The word Vietnam speaks of the tenacious Viet culture and its varied, yet distinct cuisine and social customs that have survived invasions and colonization. Nam (south) refers to the expansion to the south from the original north and central domain. Long and narrow, Vietnam lies on the eastern coast of Southeast Asia’s Indochinese Peninsula. Laos and Cambodia are on its western border with China to its north. Vietnam and its young population are emerging from its tumultuous past drawing visitors and investment to this country ready for change.
The Geneva Accords of 1954 divided Vietnam into communist North Vietnam and anti-communist South Vietnam. Several decades of fighting followed, until the North Vietnamese overcame the South in 1975 and reunited North and South Vietnam under communist rule. The years of war and Marxist policies proved disastrous to Vietnam’s economy. In 1986 reforms were put in place to move from the central controlled economy to a more market oriented one, and today Vietnam has one of the fastest growing economies in the world. The policy of “Renovation” has brought about social changes that have been positive including a rise in the standard of living. It has also brought with it many social problems such as increased corruption, regional tensions, and increased HIV/AIDS. Vietnam is one of the few remaining communist countries in the world.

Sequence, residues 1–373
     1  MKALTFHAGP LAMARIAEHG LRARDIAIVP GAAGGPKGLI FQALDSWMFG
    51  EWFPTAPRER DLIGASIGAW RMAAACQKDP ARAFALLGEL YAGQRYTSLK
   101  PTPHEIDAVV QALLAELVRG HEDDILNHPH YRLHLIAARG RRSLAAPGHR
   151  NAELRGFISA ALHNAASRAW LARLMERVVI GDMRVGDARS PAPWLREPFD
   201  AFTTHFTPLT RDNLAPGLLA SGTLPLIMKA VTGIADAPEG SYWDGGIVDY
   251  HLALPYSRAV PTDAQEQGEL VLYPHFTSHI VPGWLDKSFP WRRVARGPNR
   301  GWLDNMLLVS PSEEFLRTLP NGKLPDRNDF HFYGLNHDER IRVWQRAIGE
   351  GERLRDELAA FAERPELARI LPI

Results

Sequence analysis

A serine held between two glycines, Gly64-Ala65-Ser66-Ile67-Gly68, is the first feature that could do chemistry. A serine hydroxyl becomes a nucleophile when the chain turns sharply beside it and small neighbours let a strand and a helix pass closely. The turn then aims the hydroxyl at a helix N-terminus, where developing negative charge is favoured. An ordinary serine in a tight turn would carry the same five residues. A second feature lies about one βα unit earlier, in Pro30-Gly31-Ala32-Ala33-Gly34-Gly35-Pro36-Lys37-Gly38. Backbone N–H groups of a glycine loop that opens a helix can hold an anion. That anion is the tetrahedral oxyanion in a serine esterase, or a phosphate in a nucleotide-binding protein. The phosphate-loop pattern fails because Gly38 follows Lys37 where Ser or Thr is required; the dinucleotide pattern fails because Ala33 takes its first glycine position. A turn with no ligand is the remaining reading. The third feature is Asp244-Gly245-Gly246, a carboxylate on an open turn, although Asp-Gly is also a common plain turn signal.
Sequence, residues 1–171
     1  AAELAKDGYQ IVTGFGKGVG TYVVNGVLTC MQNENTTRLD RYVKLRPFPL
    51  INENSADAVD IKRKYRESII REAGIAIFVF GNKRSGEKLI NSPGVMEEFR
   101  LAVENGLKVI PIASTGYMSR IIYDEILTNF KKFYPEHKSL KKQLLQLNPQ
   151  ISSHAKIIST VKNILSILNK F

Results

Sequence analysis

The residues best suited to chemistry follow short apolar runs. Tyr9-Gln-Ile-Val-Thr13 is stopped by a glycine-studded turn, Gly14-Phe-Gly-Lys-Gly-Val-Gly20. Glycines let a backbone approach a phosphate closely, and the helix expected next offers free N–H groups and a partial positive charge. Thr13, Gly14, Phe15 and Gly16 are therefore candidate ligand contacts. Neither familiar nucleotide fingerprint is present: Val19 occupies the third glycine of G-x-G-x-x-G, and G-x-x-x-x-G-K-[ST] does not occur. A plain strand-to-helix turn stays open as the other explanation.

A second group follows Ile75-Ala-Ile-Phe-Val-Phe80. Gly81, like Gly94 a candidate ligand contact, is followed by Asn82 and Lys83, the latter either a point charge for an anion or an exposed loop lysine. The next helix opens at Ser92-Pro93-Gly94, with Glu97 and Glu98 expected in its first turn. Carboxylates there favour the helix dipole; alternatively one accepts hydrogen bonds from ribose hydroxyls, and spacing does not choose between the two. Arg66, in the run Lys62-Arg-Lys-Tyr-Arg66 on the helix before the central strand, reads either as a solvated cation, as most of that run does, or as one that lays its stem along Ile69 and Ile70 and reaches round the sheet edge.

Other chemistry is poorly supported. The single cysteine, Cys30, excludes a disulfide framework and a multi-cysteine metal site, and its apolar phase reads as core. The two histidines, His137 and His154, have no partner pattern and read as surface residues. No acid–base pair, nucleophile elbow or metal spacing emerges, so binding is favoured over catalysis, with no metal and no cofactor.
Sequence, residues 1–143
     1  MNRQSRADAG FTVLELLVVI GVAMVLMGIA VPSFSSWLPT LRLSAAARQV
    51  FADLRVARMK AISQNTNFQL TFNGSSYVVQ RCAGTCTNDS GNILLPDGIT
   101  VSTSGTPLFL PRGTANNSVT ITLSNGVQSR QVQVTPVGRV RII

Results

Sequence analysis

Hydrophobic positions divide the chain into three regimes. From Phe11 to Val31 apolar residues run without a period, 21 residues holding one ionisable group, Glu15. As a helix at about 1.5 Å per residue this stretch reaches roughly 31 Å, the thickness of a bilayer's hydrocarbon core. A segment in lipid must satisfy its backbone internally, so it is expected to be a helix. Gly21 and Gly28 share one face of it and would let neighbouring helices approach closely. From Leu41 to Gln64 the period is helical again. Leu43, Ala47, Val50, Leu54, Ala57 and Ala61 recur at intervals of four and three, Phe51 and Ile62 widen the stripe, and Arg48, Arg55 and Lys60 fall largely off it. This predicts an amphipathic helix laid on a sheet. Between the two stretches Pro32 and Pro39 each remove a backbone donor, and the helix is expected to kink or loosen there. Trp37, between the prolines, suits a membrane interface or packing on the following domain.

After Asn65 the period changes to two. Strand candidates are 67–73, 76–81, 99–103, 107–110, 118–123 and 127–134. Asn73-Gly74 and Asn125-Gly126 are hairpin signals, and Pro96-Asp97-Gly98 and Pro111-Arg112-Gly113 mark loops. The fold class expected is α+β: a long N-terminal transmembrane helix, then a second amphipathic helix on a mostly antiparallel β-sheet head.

Freedom of religion is constitutionally guaranteed in Vietnam, but new regulations in 2005 required religious groups to register with the government. Most churches have been denied registration and have faced harassment and even persecution. Many Vietnamese traditionally follow Buddhism, though the veneration and worship of ancestors is an underestimated practice found throughout Vietnam. Churches are persevering and the number of evangelicals is growing as the Vietnamese experience the challenges of the current economic and social changes.